There is an air of reprieve and a sense of release in our lives, and I will explain why…

March 2020 (to who knows when) is likely to be remembered as the oddest era of modern times. Of that there is no doubt. Round our way, a global pandemic and the pregnancy.

These are two of the three things which have dominated the days of my wife and I over the last few months. We have tried our best to minimise the effect on mood and outlook brought about by the lockdown and the change in how we go about our lives. I think we’ve done quite well, domestically.

This last week my wife’s period of vulnerability shielding has been deemed to be over. She has stopped working from home and has returned to the medical practice. It seems utterly pointless to me. Her employers have set her up in a small room on her own, away from other people.

And I was asked to begin going back into the office for two days a week. Again, utterly pointless. I cannot begin to describe how much I resented it – in part because of the almost-an-hour each way travel time I had got used to being able to call my own, and the ‘extra’ money saved by not buying fuel.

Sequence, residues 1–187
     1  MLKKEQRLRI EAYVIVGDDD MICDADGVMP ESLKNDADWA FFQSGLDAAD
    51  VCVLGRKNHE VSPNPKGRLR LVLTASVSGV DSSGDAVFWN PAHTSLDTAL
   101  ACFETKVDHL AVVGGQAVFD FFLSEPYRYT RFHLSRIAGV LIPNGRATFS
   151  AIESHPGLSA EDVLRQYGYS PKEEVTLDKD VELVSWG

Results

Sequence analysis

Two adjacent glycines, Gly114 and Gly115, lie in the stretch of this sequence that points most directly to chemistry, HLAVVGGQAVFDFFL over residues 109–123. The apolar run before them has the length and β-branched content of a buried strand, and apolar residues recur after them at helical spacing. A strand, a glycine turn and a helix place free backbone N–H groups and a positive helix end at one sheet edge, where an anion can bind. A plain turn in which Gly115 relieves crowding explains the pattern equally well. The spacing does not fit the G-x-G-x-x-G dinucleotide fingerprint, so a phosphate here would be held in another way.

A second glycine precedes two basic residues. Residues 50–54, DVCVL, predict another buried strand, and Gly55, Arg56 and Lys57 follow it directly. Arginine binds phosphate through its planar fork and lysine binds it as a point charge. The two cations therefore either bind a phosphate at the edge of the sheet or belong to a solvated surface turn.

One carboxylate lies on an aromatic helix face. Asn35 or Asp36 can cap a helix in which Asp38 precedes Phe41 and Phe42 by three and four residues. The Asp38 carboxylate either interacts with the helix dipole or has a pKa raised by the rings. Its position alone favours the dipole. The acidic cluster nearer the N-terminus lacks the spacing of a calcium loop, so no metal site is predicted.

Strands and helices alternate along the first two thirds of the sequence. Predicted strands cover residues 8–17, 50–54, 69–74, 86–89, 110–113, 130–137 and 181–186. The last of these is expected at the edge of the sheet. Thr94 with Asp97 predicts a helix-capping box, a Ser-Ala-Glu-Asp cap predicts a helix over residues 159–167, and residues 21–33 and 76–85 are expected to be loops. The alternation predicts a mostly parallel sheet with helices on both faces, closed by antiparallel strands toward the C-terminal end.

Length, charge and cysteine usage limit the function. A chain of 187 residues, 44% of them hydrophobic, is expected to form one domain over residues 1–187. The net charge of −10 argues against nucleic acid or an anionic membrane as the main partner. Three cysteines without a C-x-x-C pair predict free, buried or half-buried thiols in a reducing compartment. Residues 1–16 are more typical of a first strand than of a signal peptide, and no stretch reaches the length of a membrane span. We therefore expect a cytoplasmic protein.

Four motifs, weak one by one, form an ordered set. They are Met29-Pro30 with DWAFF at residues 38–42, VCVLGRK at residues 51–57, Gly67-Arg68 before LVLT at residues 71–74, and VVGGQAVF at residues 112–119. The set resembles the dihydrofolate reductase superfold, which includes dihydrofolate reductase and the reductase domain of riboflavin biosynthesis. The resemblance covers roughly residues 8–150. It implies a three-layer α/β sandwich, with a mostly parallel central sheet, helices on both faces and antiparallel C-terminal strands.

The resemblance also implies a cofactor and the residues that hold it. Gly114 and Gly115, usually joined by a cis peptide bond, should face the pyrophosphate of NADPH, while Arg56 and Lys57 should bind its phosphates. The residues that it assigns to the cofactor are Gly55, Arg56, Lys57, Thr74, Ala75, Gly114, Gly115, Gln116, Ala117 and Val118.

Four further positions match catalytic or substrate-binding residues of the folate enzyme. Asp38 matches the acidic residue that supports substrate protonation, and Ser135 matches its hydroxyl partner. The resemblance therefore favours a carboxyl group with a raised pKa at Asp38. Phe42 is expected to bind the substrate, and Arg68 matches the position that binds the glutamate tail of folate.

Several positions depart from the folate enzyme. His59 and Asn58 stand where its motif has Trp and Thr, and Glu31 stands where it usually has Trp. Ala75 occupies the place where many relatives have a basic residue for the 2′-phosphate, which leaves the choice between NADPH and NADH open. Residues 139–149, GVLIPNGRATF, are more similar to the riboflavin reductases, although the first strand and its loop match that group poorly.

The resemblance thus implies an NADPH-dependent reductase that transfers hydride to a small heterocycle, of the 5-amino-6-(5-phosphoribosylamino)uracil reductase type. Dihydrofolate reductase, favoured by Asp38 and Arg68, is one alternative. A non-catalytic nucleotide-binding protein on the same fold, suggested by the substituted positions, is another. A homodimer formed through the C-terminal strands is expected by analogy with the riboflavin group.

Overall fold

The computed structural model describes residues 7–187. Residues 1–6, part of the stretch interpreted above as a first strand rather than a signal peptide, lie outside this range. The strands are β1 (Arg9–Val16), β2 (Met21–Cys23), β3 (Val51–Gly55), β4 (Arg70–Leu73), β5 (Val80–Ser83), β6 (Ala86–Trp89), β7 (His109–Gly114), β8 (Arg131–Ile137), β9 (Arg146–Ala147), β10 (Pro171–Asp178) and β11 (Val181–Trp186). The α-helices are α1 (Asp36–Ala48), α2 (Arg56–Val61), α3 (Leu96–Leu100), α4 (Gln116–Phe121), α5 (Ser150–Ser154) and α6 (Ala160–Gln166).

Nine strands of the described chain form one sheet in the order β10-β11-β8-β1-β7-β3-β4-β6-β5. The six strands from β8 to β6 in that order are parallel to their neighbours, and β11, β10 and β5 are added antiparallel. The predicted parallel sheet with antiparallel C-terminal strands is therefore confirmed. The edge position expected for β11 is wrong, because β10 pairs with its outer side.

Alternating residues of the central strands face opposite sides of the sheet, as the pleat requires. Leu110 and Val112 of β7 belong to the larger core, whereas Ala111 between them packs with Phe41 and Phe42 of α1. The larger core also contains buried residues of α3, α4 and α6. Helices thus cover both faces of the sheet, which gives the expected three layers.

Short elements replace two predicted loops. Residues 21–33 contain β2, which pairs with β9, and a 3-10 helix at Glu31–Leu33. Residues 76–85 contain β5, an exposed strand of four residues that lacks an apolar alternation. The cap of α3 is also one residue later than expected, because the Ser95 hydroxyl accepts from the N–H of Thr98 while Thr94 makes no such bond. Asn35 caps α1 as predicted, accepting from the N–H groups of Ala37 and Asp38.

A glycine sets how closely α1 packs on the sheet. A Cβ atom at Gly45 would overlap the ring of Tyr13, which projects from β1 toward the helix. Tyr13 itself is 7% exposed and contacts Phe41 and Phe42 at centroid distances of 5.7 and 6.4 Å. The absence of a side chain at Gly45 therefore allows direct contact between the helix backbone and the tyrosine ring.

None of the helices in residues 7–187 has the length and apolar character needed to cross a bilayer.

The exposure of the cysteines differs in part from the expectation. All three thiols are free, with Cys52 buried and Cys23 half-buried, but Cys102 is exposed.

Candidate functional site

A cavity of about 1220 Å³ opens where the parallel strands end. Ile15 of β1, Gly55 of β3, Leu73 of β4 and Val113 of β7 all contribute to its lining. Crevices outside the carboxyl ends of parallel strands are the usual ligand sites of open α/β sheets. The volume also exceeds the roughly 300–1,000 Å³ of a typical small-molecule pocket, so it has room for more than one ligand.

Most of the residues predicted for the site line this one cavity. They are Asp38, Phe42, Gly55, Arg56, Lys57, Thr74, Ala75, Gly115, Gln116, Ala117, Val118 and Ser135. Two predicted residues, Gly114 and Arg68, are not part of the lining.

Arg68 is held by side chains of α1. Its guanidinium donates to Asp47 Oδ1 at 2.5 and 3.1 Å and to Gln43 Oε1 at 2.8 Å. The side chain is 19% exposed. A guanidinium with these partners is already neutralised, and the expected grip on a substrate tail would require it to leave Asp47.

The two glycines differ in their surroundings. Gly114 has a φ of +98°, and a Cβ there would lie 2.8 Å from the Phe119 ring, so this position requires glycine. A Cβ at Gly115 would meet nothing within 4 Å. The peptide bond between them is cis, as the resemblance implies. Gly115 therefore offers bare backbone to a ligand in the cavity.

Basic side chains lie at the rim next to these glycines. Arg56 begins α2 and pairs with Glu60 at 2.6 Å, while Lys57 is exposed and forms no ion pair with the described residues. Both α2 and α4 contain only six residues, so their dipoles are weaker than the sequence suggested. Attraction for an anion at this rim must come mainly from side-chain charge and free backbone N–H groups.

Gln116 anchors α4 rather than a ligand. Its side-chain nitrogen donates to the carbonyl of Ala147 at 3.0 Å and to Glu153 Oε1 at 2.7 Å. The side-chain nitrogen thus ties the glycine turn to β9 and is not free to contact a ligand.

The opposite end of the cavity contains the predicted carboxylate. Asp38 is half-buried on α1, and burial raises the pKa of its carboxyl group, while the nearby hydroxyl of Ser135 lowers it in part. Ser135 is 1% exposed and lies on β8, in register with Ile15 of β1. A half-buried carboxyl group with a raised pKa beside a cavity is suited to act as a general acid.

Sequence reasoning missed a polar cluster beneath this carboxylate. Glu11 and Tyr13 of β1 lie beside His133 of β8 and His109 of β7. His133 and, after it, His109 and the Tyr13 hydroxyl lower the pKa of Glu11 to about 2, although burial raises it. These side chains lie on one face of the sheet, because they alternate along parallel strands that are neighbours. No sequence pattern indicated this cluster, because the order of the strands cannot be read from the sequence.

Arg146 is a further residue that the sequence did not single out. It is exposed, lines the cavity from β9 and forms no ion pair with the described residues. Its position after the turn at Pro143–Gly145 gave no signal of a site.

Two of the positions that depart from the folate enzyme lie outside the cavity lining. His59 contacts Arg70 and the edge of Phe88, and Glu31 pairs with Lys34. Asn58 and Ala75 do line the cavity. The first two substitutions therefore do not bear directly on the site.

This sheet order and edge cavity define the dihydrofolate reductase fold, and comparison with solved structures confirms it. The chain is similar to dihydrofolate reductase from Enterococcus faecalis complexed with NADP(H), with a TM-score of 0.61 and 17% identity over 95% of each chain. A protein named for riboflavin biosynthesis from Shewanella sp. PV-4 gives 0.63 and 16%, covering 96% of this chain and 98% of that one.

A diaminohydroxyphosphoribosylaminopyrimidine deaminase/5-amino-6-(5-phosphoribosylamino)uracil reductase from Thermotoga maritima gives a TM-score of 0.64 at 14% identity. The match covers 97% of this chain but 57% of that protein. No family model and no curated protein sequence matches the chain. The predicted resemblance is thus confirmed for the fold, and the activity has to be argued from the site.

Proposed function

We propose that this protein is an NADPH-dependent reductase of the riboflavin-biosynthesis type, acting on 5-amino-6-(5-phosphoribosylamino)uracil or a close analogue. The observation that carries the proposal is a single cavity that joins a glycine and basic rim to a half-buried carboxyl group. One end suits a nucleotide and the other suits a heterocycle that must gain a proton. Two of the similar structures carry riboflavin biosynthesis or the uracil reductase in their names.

In workplace terms, though it was good to see one or two of my valued colleagues after a long ‘absence’, I was scared by my lack of trust in the company’s half-hearted social distancing measures. In work itself terms, I was demotivated, distracted and unfocused – and less productive than if I had been at home. Interesting.

During lockdown it has been rare to see our favourite people. We’re both quite tactile and it has been odd to not have been able to hug or kiss or pat or punch our friends on those rare occasions we have seen them. And, as I have said before, there is an electricity conducted during physical presence that you just cannot mimic in a Zoom or Skype or FaceTime call.

Yes, they have been unusual and often difficult, the six months just gone in the year so far. And I am tired, so tired, not least because we have actually had a close encounter with the pandemic.

In March my 75-year old Mum was rushed into hospital with a serious condition (unconnected to coronavirus). I accompanied her into the A&E department and sat beside her for several hours as she lay shrivelled and pathetic within a tatty blanket on a gurney.